Looting Charges from Sandy Fall Flat

In the aftermath of Hurricane Sandy, charges of looting were rampant, and the NYPD utilized what have been called “roundup” techniques to make arrests in various neighborhoods. We’re not exactly sure what these techniques were supposed to accomplish, but the record thus far indicates that the Department may well have ended up making a host of arrests without any legal basis.

Apparently, when notified that a particular area of the city, or a particular store, was allegedly being looted, the response from New York’s Finest was to go to the location, and arrest everyone in sight. While we are not in the habit of making this sort of claim, we wonder how else to explain the results of the many looting arrests, which were largely for burglary. Here is how the numbers read:

  • At least 50% of the looting arrests have been thrown out.
  • A highly publicized situation, involving a Coney Island Key Foods store, resulted in 16 arrests, but only two indictments were handed down, both for third degree burglary.
  • A Brooklyn grand jury dismissed charges against six of those arrested.
  • Less than a third of the Brooklyn cases will be prosecuted.
  • In Queens, only five indictments have resulted from 15 arrests.
  • Fifteen arrests in Rockaway have led to three dismissals and only five felony indictments.

Not surprisingly, the city is now bracing itself for a flood of lawsuits brought by many of those arrested, and then released when their charges were dismissed. They include one of the men who found himself at the Key Foods store during one of the roundups. The man, who is a barber, says he was going back to his apartment after visiting the Home Depot to get his and his family’s cell phones charged. Like most of the other suspects, bail was set high, in most cases at $100,000. The barber then spent nine days at Rikers Island, where he was allegedly strip searched on at least nine occasions. There are at least three other lawsuits that have been filed in similar cases, and more are expected.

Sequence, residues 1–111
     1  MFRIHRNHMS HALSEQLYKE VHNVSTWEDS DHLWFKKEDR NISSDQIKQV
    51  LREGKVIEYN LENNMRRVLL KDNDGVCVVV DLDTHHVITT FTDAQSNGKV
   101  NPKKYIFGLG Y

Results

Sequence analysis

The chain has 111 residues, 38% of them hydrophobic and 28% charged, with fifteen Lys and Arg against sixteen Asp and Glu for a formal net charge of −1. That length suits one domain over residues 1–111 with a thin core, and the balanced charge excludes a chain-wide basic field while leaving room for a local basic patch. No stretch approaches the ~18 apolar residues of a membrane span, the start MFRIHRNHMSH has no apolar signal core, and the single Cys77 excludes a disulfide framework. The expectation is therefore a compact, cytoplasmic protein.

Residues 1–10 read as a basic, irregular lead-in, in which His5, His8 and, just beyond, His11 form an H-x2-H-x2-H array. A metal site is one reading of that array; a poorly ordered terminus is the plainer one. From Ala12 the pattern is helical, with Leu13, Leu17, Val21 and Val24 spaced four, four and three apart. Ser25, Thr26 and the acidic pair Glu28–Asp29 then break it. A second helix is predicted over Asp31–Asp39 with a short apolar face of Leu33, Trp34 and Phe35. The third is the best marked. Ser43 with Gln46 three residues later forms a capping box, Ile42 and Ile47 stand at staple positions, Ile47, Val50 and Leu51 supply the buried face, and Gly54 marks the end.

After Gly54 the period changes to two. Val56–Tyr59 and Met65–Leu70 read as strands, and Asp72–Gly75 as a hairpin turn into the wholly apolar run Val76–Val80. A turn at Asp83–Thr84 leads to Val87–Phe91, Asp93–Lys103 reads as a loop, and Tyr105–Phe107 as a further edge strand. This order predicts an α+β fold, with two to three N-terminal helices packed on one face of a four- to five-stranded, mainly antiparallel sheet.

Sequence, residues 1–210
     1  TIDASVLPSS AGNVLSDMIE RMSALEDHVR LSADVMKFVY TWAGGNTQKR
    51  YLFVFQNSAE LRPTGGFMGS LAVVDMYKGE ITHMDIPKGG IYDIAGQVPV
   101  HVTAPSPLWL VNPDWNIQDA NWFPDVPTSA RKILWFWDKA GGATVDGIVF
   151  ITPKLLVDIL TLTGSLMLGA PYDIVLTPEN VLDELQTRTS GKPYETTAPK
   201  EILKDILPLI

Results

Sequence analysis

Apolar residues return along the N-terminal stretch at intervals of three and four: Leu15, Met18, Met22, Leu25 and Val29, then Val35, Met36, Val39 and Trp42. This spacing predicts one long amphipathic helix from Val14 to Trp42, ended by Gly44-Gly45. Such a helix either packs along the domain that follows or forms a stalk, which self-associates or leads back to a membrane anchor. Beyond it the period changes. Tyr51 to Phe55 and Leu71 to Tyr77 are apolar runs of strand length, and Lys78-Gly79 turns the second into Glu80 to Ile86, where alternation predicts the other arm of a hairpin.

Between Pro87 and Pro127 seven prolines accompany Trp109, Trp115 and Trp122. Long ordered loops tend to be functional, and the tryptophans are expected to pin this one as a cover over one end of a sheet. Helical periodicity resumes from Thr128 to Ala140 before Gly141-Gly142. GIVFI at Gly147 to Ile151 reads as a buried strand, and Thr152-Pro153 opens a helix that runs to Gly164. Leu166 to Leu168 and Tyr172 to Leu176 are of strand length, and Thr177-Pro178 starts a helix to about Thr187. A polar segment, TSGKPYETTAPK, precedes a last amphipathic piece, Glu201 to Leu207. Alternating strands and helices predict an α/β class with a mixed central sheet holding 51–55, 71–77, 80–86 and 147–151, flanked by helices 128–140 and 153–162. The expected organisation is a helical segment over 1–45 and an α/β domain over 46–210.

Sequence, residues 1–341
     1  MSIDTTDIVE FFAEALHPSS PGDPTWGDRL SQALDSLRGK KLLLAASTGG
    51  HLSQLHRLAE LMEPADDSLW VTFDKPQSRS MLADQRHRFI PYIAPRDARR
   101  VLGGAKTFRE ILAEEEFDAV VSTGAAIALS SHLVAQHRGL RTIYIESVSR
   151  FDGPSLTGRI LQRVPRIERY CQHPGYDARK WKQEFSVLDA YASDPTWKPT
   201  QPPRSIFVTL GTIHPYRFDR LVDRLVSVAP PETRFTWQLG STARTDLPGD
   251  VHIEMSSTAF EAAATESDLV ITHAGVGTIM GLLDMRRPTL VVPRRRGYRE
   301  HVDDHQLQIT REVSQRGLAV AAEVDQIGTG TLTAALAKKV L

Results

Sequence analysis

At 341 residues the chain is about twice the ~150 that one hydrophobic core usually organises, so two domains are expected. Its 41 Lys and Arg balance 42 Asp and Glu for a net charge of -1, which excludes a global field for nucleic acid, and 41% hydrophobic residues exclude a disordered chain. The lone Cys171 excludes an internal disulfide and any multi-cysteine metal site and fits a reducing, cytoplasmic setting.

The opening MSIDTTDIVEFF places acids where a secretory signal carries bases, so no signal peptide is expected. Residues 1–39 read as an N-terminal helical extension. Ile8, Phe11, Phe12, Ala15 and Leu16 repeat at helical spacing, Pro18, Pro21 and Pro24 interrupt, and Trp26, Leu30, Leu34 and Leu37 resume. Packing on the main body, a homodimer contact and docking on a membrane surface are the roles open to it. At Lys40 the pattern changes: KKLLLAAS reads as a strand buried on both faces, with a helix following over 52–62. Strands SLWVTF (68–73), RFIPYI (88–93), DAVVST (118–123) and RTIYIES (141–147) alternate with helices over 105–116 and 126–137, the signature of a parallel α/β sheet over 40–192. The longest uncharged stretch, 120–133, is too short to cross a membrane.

We would have hoped, particularly with the amount of criticism being leveled at some other NYPD policies (“stop and frisk”, for example), that the Department would be a bit more circumspect and avoid the arrest of people based upon where they are, as opposed to what they may have done. In addition to leading to false charges, the arrests, while they may be indiscriminate, can nevertheless be discriminatory.

George Vomvolakis Law Offices
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New York, NY 10016
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